I wanna tell you a story...
In 2006, I had a test done on my pituitary gland*, called an Insulin Shock Test. It was pretty much what it said on the tin. I laid on a hospital bed, I was injected with an overdose of insulin and I was monitored for blood glucose and growth hormone levels every 30 minutes.
My blood glucose fell and fell and fell and fell until it reached ~1.5mmol/L (~27mg/dL). What happened was interesting. I came out in a cold sweat and developed a tremor. Apart from that, I felt fine. The consultant in charge was chatting to me and I was chatting to him. Eventually, I was given a sandwich, a yoghurt and a banana to eat.
Some time later, when I had stopped sweating and shaking, the consultant returned and told me that I had become confused. My brain had ceased to function correctly due to a lack of blood glucose (the insulin had totally suppressed serum FFAs and ketones, so there were no other brain fuels available), but I was too mentally-impaired to know that I was mentally-impaired. As far as I was concerned, everything was fine & dandy. This is like the Dunning-Kruger effect.
Referring to Blood Glucose, Insulin & Diabetes, as blood glucose falls due to either starvation or a lack of dietary carbohydrate, insulin falls and glucagon rises, stimulating the liver to convert liver glycogen into glucose for export to the blood. Eventually, liver glycogen becomes depleted and blood glucose falls again. The pituitary gland notices this and secretes AdrenoCorticoTropic Hormone (ACTH) which stimulates the adrenal cortex to secrete cortisol. The adrenal glands are also stimulated to secrete adrenaline (a.k.a. epinephrine). Cortisol increases the conversion of amino acids and other substrates into glucose by the liver and kidneys. If blood glucose continues to fall, the pituitary gland secretes growth hormone (GH), which has an anti-insulin effect.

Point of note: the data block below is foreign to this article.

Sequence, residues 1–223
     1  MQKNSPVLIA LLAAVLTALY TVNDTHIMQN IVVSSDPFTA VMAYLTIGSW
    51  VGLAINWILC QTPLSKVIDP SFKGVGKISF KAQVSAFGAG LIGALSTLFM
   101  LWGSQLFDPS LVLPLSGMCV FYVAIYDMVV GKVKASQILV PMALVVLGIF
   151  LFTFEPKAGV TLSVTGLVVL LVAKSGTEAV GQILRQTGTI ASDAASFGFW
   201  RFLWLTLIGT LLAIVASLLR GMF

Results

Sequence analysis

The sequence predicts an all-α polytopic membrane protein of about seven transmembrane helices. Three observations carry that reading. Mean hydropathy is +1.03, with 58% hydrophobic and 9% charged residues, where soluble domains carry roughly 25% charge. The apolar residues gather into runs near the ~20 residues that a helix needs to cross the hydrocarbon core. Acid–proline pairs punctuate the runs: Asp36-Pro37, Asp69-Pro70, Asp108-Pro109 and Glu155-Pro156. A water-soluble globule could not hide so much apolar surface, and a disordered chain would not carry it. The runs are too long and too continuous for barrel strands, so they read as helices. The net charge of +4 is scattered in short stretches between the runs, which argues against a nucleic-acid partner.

"after the zero-carb phase, subjects reported symptoms of hypoglycemia that included weakness, irritability, mental confusion, nausea, hunger, cold sweating and disturbed co-ordination. GH levels were higher during exercise after the low-carb phase, but so too were levels of other fuel mobilizing hormones such as epinephrine, glucagon, and cortisol." Epinephrine, glucagon, and cortisol are stress hormones. Chronically-high blood levels of stress hormones disrupt sleep and cause irritable, aggressive behaviour.
Ethanol inhibits gluconeogenesis in the liver (possibly also in the kidneys) resulting in worse hypoglycaemia. Worse hypoglycaemia results in more ACTH & adrenaline secretion and worse hypercortisolaemia, which can adversely affect the hippocampus, impairing memory.
In conclusion, if you want to eat a very-low-carb diet, long-term:-1) Don't do much high-intensity exercise. See "Funny turns": What they aren't and what they might be.
2) Don't drink much (if any) booze.
*My pituitary gland failed the test by secreting only 40% the amount of GH that it was supposed to. For six months, I was given GH to inject using a special pen with a 8mm x 0.3mm needle. By the end of the six month trial, I had perfected the art of painless injection. The trial was discontinued due to lack of any noticeable benefit (17 days supply of GH @0.3mg/day cost £120!).